The average number of claims submitted per physician was 1,079, with a high ranges between 1,330 for family medicine, 690 for internal medicine and 722 for surgery and lower ranges such as 516 for pediatrics and 409 for neurology. The average number of unique diagnosis codes submitted for all specialties was 82 (see Table 2). Family physicians used an average of 121 diagnostic codes, internal medicine physicians 32, surgery 36, pediatrics 46 and neurology 27. The mean and median number of diagnostic codes was not included in analysis as although physicians can provide up to 3 diagnosis codes per claim, approximately 94% only provide one diagnosis per claim. Overall, 43.5% of claims contained a more detailed ICD-9 code (>3 digits), with this proportion being highest among pediatricians at 58.4% and lowest for family medicine at 40%.
The number of unique ICD-9 codes submitted in billing claims varied by payment program (see Table 3). Fee-for-service physicians submitted more diverse ICD codes than APP physicians (88 vs. 44 unique codes respectively). Claims submission on average was lower for APP physicians than fee-for-service physician (438 vs. 1,184). The most frequent reasons for each visit by specialty are reported in the appendices.
We analyzed Alberta wide physician claims data to understand the face validity of clinical information recorded in this physician claims database. This study highlighted that: 1) Physicians submitted a diverse array of ICD 9 diagnostic codes; 2) Nearly half of the ICD-9 diagnostic codes examined were more detailed than required; for example, the ICD-9 code 250 is coded as diabetes (3-digit minimum) and this can be further specified by using the 4-digit coding such as 250.3, diabetes with renal manifestations; 3) ICD-9 diagnostic codes used were more diverse for fee-for-services physicians than APP physicians and 4) The most frequently submitted reason for visit was consistent with the physician specialty. Thus, our findings indicate physicians in Alberta use a broad and diverse structure of diagnosis coding across specialties.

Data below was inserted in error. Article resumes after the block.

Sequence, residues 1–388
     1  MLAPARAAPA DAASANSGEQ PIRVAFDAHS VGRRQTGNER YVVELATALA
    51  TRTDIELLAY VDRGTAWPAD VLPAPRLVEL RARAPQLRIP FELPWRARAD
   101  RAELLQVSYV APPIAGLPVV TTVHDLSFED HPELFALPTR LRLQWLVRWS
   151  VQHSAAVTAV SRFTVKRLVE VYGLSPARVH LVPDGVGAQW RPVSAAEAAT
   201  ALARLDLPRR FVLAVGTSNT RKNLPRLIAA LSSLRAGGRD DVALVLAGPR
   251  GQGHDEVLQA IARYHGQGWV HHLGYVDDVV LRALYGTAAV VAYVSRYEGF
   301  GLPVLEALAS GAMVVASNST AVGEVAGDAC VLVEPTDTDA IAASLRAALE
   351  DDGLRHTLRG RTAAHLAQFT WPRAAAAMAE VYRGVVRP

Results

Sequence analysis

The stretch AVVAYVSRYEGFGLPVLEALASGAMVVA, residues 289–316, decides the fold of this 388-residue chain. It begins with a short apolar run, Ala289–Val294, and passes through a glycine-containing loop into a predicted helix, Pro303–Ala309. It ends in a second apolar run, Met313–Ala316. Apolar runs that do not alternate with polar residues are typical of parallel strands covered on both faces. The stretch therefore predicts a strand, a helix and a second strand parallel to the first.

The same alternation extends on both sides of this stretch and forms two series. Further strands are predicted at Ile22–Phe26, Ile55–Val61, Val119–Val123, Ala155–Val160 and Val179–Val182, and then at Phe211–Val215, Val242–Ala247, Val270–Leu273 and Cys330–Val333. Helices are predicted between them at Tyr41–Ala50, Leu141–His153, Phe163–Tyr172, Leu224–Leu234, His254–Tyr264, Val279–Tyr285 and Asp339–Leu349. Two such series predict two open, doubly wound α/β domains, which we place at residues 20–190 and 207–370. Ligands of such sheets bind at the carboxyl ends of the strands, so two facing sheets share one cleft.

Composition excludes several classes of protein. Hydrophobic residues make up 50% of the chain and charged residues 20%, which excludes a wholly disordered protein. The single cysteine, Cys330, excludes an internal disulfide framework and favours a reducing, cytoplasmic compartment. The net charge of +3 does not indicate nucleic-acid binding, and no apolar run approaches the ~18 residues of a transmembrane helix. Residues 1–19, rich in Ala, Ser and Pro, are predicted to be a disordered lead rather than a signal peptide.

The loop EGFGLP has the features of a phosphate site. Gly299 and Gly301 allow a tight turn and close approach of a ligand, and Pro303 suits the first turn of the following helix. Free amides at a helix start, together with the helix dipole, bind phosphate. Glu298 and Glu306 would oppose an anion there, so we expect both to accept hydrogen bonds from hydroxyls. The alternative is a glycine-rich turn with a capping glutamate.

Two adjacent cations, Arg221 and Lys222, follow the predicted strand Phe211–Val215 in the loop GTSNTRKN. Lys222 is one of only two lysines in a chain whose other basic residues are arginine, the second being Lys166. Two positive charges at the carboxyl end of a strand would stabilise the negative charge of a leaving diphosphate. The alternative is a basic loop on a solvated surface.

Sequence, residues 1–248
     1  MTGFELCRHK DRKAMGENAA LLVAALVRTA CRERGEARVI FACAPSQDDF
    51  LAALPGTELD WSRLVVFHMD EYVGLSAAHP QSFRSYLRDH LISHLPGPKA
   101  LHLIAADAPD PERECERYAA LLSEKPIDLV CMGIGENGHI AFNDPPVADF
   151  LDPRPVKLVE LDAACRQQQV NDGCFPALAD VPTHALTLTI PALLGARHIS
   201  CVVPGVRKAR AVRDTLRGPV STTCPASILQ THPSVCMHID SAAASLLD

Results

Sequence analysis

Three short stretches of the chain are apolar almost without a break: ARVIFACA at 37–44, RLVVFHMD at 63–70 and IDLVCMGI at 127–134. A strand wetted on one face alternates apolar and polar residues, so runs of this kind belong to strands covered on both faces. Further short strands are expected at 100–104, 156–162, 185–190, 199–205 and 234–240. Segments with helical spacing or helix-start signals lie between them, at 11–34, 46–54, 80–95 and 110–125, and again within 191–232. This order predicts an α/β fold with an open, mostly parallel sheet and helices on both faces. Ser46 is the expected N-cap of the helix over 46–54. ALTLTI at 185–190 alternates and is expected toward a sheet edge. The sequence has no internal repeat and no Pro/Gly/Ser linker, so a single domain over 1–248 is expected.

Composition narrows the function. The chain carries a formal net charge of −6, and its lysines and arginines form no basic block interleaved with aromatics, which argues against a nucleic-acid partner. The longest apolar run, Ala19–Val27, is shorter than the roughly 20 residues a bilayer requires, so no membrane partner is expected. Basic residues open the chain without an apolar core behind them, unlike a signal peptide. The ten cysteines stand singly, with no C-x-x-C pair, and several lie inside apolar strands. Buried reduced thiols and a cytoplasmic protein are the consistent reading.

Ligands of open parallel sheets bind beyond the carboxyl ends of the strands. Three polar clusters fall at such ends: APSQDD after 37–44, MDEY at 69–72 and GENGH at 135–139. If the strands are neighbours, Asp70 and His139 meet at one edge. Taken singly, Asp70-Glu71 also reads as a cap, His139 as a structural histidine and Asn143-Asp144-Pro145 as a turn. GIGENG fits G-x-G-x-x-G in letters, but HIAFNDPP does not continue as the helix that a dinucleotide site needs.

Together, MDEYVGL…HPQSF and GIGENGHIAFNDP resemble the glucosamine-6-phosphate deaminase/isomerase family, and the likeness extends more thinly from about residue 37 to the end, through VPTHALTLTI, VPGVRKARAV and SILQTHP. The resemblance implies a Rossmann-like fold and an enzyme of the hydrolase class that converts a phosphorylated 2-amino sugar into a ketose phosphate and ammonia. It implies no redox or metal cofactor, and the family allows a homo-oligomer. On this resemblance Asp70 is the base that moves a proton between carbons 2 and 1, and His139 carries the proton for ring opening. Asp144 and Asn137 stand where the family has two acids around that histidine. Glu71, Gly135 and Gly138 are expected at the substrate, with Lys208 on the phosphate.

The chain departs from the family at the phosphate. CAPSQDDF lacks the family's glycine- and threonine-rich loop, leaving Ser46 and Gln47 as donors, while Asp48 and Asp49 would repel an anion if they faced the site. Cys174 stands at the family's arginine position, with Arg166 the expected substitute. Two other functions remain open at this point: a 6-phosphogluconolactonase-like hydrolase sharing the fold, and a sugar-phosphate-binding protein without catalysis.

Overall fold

While certain physicians or specialists may use specific or common codes familiar to their practice, it appears the patterns of use of ICD-9 codes reflect their clinical practice. For example, family doctors were the least likely to use 4-digit or 5-digit coding. There may be a number of reasons for this. Codes used by family doctors may be initially investigative, and therefore not as detailed or specific as specialists’ codes. Also, family doctors often provide referrals to other specialists limiting the specificity of the code used. This may also be a reflection of the limitations of the ICD-9 coding system for primary care. Katz et al. reported that the use of the ICD-9 coding system was not sensitive to the breadth and complexity of primary care encounters (such as ICD-9 codes) contributing to a limited amount of codes used by family physicians. Our findings also indicate specialist physicians (e.g. pediatrics, internal medicine, surgery) are more likely to use 4-digit or 5-digit coding. These physicians are not just using a few overarching ICD-9 codes or unspecific codes. These results support the relatively high face validity of Canadian physician claims’ database. Physician claims data in Canada are therefore highly valuable for research, surveillance and healthcare planning purposes. However, further validation work is still needed for specific purposes.